$\begingroup$ Powerball: cutoff is one hour before the drawing. Craps has the same problem as roulette, it'll just look like ordinary cheating. Jim2B already covered stocks in some detail. Cybercrime is illegal (read: dangerous) and doesn't even use rewinding. Your penultimate point is interesting: I'll add to my question that our heroine is of normal means. And as for your last point, my story never gets there, since our heroine is quickly found out. $\endgroup$ Commented Aug 10, 2015 at 21:14
  • $\begingroup$ However, I love the cryptocurrency angle: although you don't explain the method, I think I know what you mean. If you can detail a method that inadvertently compromises the anonymity of the crypocurrency for the attacker, I might just have to switch my accept! $\endgroup$ Commented Aug 10, 2015 at 21:16
  • $\begingroup$ Sure. Here is the article i read about a month ago which led me to think of this. arstechnica.com/security/2015/07/… $\endgroup$
    – Dynas
    Commented Aug 11, 2015 at 12:52
  • $\begingroup$ Ok, it looks like we were thinking about completely different things. You're talking about using ordinary spyware to steal unsecured bitcoin wallets (cybercrime == very illegal == too dangerous). I was talking about hijacking the blockchain itself by stealing someone's proof-of-work from the future and using it to mine bitcoins at a tremendous rate. Of course, now that I've started thinking about it, this approach won't work since the miner's transaction is included in the hash, making another miner's proof-of-work useless to Eve. $\endgroup$ Commented Aug 11, 2015 at 15:09
  • $\begingroup$ Note two things: 1) Eve is not a 1337 h4x0r: although computer-savvy, she couldn't launch a botnet if you paid her to do it. Learning to pwn systems would probably qualify as too much work/effort in this case. 2) Remember that I don't want Eve to be imprisoned by law enforcement! The point is to make it obvious that rewinding is involved (to a knowledgeable observer), giving the Community a reason to contact Eve. $\endgroup$ Commented Aug 11, 2015 at 15:17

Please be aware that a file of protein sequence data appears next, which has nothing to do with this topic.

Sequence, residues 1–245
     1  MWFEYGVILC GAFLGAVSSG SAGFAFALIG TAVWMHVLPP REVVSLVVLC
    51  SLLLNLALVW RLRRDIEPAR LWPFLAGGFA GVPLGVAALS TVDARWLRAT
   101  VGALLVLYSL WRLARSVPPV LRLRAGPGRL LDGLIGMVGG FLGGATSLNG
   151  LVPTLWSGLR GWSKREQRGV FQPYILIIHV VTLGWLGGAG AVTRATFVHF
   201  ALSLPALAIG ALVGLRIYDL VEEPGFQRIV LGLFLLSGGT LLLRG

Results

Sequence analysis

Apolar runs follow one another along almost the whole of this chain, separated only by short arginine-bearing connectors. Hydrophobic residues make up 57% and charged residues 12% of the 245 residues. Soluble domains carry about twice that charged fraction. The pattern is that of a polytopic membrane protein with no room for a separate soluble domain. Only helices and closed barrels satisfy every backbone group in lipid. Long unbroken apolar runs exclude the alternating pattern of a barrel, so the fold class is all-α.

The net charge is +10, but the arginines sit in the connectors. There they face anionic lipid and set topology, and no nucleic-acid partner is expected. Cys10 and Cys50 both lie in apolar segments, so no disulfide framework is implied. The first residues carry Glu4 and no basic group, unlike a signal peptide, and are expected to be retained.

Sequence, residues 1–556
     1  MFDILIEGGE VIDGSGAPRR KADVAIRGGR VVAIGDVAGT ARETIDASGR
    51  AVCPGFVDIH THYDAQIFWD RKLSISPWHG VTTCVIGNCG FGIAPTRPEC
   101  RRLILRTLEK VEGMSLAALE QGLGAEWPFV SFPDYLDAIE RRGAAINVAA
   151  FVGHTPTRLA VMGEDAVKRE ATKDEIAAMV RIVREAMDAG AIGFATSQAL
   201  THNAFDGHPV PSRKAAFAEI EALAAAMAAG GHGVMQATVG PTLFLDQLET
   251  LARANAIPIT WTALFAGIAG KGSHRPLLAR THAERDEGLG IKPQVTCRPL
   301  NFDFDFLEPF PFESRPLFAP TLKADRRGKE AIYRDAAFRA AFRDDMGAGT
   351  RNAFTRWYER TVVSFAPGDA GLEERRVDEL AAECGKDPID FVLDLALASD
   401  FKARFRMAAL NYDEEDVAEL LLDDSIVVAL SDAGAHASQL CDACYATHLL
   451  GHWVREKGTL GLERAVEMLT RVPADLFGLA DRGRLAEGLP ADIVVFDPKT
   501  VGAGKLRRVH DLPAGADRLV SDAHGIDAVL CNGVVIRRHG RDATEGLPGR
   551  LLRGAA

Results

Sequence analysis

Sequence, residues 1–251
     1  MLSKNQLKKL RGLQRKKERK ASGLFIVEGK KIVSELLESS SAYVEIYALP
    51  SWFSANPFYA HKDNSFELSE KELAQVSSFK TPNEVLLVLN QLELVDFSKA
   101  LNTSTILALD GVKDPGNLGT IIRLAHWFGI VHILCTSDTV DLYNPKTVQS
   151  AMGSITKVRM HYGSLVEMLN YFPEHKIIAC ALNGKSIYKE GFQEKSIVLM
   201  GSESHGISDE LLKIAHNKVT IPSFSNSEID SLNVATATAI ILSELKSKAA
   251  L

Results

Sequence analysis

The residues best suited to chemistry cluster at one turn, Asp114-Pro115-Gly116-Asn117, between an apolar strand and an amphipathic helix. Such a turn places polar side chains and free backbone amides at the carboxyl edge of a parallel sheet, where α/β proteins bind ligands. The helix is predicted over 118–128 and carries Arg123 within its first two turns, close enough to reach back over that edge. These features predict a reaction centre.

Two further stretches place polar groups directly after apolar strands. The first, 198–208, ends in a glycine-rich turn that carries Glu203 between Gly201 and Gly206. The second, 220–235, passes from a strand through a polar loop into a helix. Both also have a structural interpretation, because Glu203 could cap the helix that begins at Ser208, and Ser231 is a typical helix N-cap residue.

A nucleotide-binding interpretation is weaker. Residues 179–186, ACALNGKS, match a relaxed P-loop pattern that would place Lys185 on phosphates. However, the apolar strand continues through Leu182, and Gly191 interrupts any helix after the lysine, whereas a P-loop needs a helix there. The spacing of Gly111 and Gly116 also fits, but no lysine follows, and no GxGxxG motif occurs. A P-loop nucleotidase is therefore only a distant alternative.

How about betting on the ponies?

In 1973, Secretariat won the Kentucky Derby with a time of 1:59.40. One minute and 59.4 seconds. So if you could get your bet in within that 6/10ths of a second time frame, and bet it all, you'd be golden. (Edit: the Preakness appears to be a little shorter, so may be a better race for this)

Alternatively, you wait until a horse with very long odds actually wins, and go back and bet it all on that horse.

  • $\begingroup$ The problem with races and lotteries is that you usually can't place bets for some time before the race/drawing begins. (I had thought of this one already.) $\endgroup$ Commented Jul 12, 2015 at 4:23
  • $\begingroup$ Including at a casino? $\endgroup$ Commented Jul 12, 2015 at 4:24

There is a way to cheat the system in the game Grand Theft Auto: San Andreas. You save the game, go to the betting parlor, and bet everything you have on the long shot. If you lose the bet, reload and try again until you win. Repeat.

This would work well for a rewinder. Just go to a casino or betting parlor and bet on the long shot until you win, then bet your winnings on the long shot, and repeat until you are a billionaire.

  • $\begingroup$ Assuming that the odds are fair (a bet with probability $p$ of paying out will pay out $1/p$ times your bet) then you win $(1/p)^w$, where your number of wins $w$ is distributed as $w\sim\mathcal B(n,p)$. Your expected payout is $(2-p)^n$, implying that you should aim for $p$ as small as possible (long odds); however, this is a form of the St. Petersburg paradox. To maximize your minimum expected winnings (say, at a $p<0.05$ level with $n\approx 100$) it turns out you should aim for close to even odds. $\endgroup$ Commented Aug 10, 2015 at 3:24
  • $\begingroup$ Otherwise this is pretty much the same as the roulette answer: from the outside it looks like my character is just cheating, and not prescient or otherwise supernatural. $\endgroup$ Commented Aug 10, 2015 at 3:25
  • $\begingroup$ You cannot go back in time and place your winnings on the same bet, repeatedly. The winnings from the earlier bet will not be there after you go back in time. $\endgroup$